Minister gags mayors in row over announcement of coronavirus cases

'There's no legislation proscribing local authorities from communicating on their work'

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Gag order ... Local government minister July Moyo has banned mayors from announcing coronavirus cases

HARARE – Local Government Minister July Moyo on Saturday gagged mayors from announcing coronavirus cases, as a row erupted over the actual number of cases in the country.

Harare mayor Herbert Gomba announced early Saturday that Zimbabwe had recorded a further two coronavirus cases, but this was later disputed by health minister Obadiah Moyo who confirmed only one more case to bring the national total to two.

The ministry of health followed that announcement by revealing that there was a “probable” third case of a Chinese man who recently travelled to South Korea, New York and Tanzania, but so far tests had proved inconclusive and further tests are scheduled for South Africa.

The City of Harare owns the infectious diseases Wilkins Hospital, which has been designated as the main facility to handle coronavirus cases.

Moyo sent his ministry’s permanent secretary Zvinechimwe Churu to read the riot act to mayors.

The message sent to mayors via WhatsApp carried the title: ‘Forwarded from Hon Minister July Moyo’. In it, Moyo instructed Churu to “Please send message to all mayors, chairmen, town clerks and secretaries that announcements are made by the minister of health only or authorised by HE (President Emmerson Mnangagwa). State of disaster requires that discipline. Please advise them immediately.”

The opposition MDC, whose councillors run most municipalities including Harare, accused Moyo of overstepping his mandate.

The party said in a statement: “There’s no legislation proscribing local authorities from communicating on their work. The minister is not given powers to take over functions of local authorities as he would, under section 34 of the Civil Protection Act where he can take over functions of Civil Protection organisations.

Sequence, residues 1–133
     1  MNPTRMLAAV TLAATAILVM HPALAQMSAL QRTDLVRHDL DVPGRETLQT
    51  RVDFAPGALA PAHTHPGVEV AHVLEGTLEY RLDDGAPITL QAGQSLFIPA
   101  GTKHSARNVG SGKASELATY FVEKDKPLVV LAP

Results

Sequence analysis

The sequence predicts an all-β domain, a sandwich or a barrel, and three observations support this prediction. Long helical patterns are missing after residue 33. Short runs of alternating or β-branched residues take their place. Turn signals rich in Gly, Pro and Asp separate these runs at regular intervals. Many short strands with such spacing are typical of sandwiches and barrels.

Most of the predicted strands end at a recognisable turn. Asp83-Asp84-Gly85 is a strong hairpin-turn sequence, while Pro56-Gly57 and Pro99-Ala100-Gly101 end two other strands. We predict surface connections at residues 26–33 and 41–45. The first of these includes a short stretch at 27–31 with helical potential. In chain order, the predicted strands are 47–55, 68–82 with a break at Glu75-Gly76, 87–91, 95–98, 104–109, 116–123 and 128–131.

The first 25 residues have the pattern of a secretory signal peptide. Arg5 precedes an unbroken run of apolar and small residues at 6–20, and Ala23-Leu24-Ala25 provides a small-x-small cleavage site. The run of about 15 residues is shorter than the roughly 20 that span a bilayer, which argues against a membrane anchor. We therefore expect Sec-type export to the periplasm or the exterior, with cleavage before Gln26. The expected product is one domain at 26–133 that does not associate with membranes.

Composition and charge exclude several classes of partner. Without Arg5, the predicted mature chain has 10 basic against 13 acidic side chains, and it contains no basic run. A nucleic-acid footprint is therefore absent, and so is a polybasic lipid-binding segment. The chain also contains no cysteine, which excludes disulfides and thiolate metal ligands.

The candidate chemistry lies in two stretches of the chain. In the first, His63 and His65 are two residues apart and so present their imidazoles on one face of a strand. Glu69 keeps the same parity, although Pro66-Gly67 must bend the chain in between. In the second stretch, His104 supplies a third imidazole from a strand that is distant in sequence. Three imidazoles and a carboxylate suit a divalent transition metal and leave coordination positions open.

“He wants to gag mayors, but the Public Health Act does not gag local authorities. It only bars publication of cures, but even then excludes local authorities. In terms of the constitution, local authorities govern at their own initiative subject to a law specifically proscribing certain functions.”

The MDC questioned whether information the ministry of health was sharing with the public was credible.

“Health minister Obadiah Moyo must begin to give more credible information. He has been untruthful even to parliament during question time,” the party said.

Many Zimbabweans distrust their government, which insisted until March 20 that there was no coronavirus in the country, even as officials admitted only 14 people had been tested since the outbreak in central China late last year.

Health minister Obadiah Moyo admitted this week that 502 Chinese nationals had been allowed to enter Zimbabwe since January.

The first case to be confirmed was that of a 38-year-old male Victoria Falls resident who returned from Manchester in England. A day later, a 30-year-old man was confirmed as the second case. He has been admitted to Wilkins.

Authorities say a third case, believed to be that of a Chinese doctor, was “inconclusive” and specimens have been sent to South Africa for further testing. It is this case that Harare mayor Gomba said was positive, which is disputed by the government.

Agnes Mahomva, the health ministry permanent secretary, accused Gomba of jumping the gun by making the announcement, said: “Remember our ministry is the one that tests Covid-19 at our laboratory, and they (City of Harare) can only know that position through our ministry.”

Gomba said his council was mobilising $10 million to increase the capacity of Wilkins Hospital to accommodate between 100 and 500 patients in readiness for a potential explosion of cases.

Zimbabwe only has 16 ventilators, vital equipment which doctors say is needed for serious patients who have difficulties breathing.